Police Start Work In Nottinghamshire's Schools To Tackle Knife Crime
8 June 2018, 13:14
Capital's been told it's vital young schoolchildren learn about the dangers of knife crime.
A new project's starting in Nottinghamshire that sees dedicated police officers working in schools across the county to lead lessons and discussions about the issue.
Three are starting work with 12 schools across the county. Another eight will start working with them in September, Nottinghamshire Police say, if a trial into this goes well.
The new project is starting as police have told us about investigations into at least 24 stabbings across the county. 1 of those resulted in a 17-year-old's death. Lyrico Steede died in hospital days after suffering stab wounds in Bulwell.
Nottinghamshire Police Chief Constable Craig Guildford said: "I am a strong advocate of preventative local policing which is fundamentally aimed at offending, safeguarding young people, promoting their personal development, offering choice rather than stark direction, and above all working to prevent young people entering the criminal justice system.
"I genuinely believe that having police officers within the school environment focusing on prevention and early intervention is the way forward for effectively engaging our young people and helping teachers in what has become an increasingly challenging vocation.
"Academic research concludes that having dedicated police officers within a school environment offers lasting benefits not only for the young people themselves, but also for local communities, schools and the police.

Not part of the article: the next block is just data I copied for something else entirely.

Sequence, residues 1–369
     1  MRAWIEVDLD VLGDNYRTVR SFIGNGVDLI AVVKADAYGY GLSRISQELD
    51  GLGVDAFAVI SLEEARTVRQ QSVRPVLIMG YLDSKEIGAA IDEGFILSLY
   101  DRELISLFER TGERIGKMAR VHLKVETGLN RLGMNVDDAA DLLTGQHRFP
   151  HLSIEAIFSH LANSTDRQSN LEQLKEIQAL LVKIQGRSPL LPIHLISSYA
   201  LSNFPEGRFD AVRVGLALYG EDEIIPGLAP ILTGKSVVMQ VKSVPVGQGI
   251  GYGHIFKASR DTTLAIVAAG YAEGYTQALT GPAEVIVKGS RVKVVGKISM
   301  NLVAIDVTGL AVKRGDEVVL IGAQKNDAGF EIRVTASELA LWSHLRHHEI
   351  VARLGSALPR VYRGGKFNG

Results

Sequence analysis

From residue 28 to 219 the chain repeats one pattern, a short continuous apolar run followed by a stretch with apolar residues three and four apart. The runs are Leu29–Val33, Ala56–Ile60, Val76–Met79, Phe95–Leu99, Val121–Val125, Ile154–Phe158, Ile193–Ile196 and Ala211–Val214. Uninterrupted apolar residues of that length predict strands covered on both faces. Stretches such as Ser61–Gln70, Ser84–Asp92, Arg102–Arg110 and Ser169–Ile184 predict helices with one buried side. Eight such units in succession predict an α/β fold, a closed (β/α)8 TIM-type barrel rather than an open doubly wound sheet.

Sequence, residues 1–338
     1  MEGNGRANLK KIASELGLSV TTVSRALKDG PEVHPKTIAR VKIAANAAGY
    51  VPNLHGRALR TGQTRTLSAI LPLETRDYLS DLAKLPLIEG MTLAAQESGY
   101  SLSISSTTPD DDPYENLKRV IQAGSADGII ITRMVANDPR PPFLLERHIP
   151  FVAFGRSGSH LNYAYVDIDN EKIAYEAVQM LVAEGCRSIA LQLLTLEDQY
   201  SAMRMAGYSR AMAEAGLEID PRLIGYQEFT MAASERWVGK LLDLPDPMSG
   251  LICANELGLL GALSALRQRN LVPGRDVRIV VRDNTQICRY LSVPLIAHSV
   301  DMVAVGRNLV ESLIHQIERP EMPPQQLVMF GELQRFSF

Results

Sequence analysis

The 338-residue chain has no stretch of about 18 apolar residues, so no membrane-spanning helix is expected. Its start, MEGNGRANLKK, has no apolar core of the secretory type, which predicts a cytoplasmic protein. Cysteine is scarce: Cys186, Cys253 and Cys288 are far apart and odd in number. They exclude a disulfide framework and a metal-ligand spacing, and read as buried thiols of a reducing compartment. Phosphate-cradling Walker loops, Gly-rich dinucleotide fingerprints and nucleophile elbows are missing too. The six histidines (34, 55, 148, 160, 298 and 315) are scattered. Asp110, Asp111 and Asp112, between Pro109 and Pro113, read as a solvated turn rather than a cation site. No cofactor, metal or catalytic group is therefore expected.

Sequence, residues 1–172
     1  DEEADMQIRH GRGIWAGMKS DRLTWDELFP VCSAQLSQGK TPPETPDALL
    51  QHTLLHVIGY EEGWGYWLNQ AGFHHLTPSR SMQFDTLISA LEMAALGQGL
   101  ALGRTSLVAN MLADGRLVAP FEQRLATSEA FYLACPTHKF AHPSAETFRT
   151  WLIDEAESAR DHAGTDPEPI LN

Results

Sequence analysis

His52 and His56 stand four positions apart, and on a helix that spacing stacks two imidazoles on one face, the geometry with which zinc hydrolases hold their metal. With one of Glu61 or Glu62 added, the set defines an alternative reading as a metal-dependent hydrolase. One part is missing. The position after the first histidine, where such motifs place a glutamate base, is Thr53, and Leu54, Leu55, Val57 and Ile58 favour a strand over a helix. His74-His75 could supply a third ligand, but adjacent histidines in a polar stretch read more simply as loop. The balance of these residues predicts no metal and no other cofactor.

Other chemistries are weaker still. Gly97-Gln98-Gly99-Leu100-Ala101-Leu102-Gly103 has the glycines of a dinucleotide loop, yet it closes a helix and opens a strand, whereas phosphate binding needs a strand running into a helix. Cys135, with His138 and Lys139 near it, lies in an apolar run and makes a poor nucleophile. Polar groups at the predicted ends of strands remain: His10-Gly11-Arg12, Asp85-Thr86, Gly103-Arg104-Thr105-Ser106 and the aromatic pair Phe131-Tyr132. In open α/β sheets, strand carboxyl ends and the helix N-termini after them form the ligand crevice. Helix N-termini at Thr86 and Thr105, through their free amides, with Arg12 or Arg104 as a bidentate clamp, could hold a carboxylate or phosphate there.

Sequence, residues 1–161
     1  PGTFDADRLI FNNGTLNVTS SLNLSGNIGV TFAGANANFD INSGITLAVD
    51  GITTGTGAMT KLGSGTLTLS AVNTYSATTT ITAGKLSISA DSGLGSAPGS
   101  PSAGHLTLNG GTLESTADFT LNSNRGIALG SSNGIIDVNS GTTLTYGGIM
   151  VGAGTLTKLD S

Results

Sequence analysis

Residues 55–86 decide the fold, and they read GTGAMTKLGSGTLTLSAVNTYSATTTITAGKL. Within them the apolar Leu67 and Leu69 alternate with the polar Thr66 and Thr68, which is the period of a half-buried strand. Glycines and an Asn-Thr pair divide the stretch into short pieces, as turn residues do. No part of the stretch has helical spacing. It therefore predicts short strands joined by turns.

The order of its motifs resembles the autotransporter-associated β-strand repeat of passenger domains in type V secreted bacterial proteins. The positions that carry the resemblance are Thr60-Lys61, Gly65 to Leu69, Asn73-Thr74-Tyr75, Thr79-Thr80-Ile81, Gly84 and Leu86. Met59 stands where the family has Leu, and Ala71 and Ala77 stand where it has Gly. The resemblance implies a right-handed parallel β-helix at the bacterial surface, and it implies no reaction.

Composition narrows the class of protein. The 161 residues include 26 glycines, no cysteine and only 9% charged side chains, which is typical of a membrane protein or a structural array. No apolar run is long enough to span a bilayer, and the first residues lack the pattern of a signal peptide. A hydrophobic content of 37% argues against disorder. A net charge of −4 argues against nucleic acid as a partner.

"Whilst many people often see the enforcement and reassurance side of our work when we make arrests and carry out patrols, they may not be aware that in the background we are also working very hard to make a difference through education. The Schools and Early Intervention Officers are an example of this preventative work. I believe they can play a big part in helping to reduce violence and helping young people across Nottinghamshire make positive life choices for years to come."
Nottinghamshire Police and Crime Commissioner Paddy Tipping said: "I am delighted that the Chief Constable is reintroducing police officers back into all Nottinghamshire secondary schools.
"We need to focus on young people. They both commit crime and are victims of crime. Building respect between the police and pupils is vital. At the end of the day we need to recognise that young people are all our futures and we need to invest in them."
Lessons have been taking place in Year 8 classes at Gedling's Carlton-le-Willows school.
Deputy Head Chris Turner, of Carlton le Willows Academy, Gedling, said: "We feel that external speakers are a vital part of our delivery to children and our young people appreciate the credibility that Paul brings to the school. We believe students genuinely appreciate developing the knowledge, understanding and tools they need to navigate the world around them. The Police have also offered training for parents recently regarding cyber safety, which was particularly well received.
"As a regular visitor to school, always in uniform, Paul has become a familiar face to the young people. Always very keen to talk to individuals, Paul is an approachable and friendly character. I feel this has fostered positive relationships in school and the local community and has helped to highlight the positive work of the police.
"Children are part of a world that is changing at a rate that adults never experienced. Early intervention helps young people to make well-informed decisions, which we hope will have a positive impact on their future and support their aspirations for success as they move into adulthood."